When Facebook rebranded to 'Meta' in 2021, it solidified the importance of virtual worlds and characters in our social media-oriented culture. A 'metaverse' is a shared, online 3D space where users can interact with each other using avatars. The world is persistent and can be used for gaming, socializing, or other activities.
From learning to work, the metaverse is becoming an increasingly popular way to spend time online. And all it takes to enter this digital world is an internet connection and a computer-generated character, or 'avatar'.
Creating an avatar can be as simple or as complex as you want it to be. In this blog post, we'll show you how to create a metaverse character using the tools available on the Flaneer platform.
Essentially, a metaverse character is a 3D representation of a person or thing. In the context of virtual worlds and social media, avatars are used to represent users and their interactions with others. The avatar culture has been popularized by games like Second Life and VRChat, where players spend hours or dollars customizing their characters.
The character might be designed to look like the user, or it could be an entirely fictional creation. It can be as simple as a cartoon character representing how the human feels or as detailed as a realistic human model. In-game, these avatars can move around the world, dance, wave, and even speak using text-to-speech technology.
Now that the metaverse and VR technology are growing in popularity, a whole new world of possibilities has opened up for avatar creation. A new economy is emerging around digital assets and virtual worlds, with businesses starting to spring up that cater to this growing market. Some freelance artists also make a living by creating custom avatars and 3D models for people to use in the metaverse.
When you're just starting out in the metaverse, you might wonder whether you should use a prefabricated character or create your own custom avatar. There are pros and cons to both approaches. Prefabricated characters are easier and faster to deploy since they require less modeling and rigging. Rigs are typically used in animation and gaming, where characters need to be able to move fluidly.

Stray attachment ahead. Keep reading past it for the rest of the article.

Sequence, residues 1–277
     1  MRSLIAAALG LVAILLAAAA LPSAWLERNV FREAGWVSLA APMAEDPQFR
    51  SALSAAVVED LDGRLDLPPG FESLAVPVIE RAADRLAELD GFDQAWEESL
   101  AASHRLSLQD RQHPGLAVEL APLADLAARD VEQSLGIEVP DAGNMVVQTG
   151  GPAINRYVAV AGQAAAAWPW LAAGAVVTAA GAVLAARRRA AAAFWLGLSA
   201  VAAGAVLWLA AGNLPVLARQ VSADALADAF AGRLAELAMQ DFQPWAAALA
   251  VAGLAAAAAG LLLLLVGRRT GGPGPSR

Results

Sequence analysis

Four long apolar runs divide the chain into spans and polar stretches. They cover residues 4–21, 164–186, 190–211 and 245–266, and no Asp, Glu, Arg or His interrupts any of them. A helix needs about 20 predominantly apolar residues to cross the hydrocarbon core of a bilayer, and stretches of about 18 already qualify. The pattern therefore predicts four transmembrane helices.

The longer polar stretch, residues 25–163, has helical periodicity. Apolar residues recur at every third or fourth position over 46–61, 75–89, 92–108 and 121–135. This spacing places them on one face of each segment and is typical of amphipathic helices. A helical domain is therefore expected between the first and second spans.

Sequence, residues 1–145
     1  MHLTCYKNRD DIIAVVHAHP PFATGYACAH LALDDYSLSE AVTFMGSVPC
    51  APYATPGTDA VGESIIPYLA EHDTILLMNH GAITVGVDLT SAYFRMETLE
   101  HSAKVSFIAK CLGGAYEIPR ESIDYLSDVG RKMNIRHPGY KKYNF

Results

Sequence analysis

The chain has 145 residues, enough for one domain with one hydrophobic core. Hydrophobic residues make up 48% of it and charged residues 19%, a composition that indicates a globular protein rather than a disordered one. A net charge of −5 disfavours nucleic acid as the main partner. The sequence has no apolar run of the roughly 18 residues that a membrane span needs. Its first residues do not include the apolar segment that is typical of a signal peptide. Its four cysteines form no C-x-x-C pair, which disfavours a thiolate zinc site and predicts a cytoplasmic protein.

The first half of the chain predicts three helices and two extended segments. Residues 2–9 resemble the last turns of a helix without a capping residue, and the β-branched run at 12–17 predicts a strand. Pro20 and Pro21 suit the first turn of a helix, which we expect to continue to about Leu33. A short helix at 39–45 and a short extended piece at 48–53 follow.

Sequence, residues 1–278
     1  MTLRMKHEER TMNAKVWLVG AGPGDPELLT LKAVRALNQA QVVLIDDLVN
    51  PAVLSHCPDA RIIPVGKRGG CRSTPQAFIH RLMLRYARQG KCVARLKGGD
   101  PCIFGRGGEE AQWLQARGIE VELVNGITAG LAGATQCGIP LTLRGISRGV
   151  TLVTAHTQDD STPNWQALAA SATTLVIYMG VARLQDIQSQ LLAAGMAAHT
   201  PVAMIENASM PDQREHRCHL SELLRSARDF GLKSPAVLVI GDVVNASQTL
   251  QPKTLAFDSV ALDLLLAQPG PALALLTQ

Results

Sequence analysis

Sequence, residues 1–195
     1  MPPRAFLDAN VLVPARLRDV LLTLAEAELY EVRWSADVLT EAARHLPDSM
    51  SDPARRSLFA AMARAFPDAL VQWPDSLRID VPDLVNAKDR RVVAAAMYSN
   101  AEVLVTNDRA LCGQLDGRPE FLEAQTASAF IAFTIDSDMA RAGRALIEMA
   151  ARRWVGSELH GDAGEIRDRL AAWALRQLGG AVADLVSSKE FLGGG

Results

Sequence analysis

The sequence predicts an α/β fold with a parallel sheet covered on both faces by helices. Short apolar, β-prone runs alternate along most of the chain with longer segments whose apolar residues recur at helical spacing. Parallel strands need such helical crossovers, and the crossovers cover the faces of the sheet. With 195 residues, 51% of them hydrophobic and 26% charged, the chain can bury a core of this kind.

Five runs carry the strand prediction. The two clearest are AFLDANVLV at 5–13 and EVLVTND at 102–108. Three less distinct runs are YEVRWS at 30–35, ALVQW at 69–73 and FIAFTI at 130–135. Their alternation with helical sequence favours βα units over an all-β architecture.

You can find playable avatars on platforms like 'Ready Player Me,' which allows you to customize prefab characters to some extent. However, since these are not designed from scratch, you may be limited in terms of how much you can change them. The cool thing is that you can use your avatar in over 2000 different games and apps, including VRChat, Spatial.io, and Nike's RTFKT.
On the other hand, custom characters give you much more control over how they look and behave. If you're starting from scratch, the process can be daunting - especially if you're unfamiliar with modeling or rigging. But don't worry! We'll take you step-by-step through the process of creating a custom avatar.
Now that we know what a metaverse character is, let's look at how to create one.
Here are the main steps you'll need to follow:
Before you start modeling your avatar, it's a good idea to sketch out what you want it to look like. You can use any kind of drawing tool for this - pencil and paper, digital painting software, etc. This step will help you visualize the final product and determine which parts you need to model.
It doesn't have to be perfect, but it's helpful to have a general sense of what you want your avatar to look like before you start modeling. Remember that different metaverses have different cultures and styles, so keep that in mind when designing your avatar.
For example, in VRChat, avatars tend to be more cartoonish, while in Second Life, they can be realistic or fantastic. In Spatial.io, avatars are limited to human forms.
You can find plenty of options online if you choose to go the simpler route and use a prefab character. Websites like Turbosquid offer a wide variety of 3D models, both free and paid.
For hand-drawn avatars, you'll need to create a 3D model that you can use as the basis for your design. You'll need a 3D modeling software for this - we recommend Blender, which is a free and open source software.
If you want to create a realistic human avatar, you can use photogrammetry to create a 3D model from photos. This process can be done with just a phone camera, but for best results, you'll need a DSLR camera and photogrammetry software like RealityCapture.